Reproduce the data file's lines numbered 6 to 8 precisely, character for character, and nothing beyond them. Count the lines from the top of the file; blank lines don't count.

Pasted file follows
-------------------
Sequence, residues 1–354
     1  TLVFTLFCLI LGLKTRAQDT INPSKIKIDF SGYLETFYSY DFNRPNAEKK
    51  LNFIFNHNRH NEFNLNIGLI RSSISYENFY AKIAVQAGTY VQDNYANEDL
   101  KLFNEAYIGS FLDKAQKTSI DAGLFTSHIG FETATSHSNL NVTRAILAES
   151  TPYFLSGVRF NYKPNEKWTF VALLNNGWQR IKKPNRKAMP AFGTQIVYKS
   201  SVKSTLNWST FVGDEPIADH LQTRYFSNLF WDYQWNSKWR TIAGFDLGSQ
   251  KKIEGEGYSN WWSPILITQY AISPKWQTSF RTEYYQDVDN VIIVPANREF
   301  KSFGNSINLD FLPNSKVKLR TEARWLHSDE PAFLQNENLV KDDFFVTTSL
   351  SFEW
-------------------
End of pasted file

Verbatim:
   201  SVKSTLNWST FVGDEPIADH LQTRYFSNLF WDYQWNSKWR TIAGFDLGSQ
   251  KKIEGEGYSN WWSPILITQY AISPKWQTSF RTEYYQDVDN VIIVPANREF
   301  KSFGNSINLD FLPNSKVKLR TEARWLHSDE PAFLQNENLV KDDFFVTTSL